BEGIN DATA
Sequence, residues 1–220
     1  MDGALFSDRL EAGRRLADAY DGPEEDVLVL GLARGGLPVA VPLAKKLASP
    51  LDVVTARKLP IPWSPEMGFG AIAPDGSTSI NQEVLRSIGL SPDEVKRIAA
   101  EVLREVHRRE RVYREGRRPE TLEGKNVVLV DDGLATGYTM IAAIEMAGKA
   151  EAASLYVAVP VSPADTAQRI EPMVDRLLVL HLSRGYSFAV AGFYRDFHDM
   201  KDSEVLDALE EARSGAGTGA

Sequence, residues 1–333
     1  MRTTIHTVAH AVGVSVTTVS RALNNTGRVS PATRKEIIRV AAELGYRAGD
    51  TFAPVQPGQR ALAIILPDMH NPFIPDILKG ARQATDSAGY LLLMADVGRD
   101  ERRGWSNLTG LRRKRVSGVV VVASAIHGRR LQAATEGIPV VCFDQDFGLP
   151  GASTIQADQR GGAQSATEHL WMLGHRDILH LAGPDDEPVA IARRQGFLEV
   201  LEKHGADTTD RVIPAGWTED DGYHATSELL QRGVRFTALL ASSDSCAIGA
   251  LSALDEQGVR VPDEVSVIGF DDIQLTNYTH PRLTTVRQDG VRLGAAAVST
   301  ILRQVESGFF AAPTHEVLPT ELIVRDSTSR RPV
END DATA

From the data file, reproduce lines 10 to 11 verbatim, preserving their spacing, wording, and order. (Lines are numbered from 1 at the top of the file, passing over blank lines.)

   101  ERRGWSNLTG LRRKRVSGVV VVASAIHGRR LQAATEGIPV VCFDQDFGLP
   151  GASTIQADQR GGAQSATEHL WMLGHRDILH LAGPDDEPVA IARRQGFLEV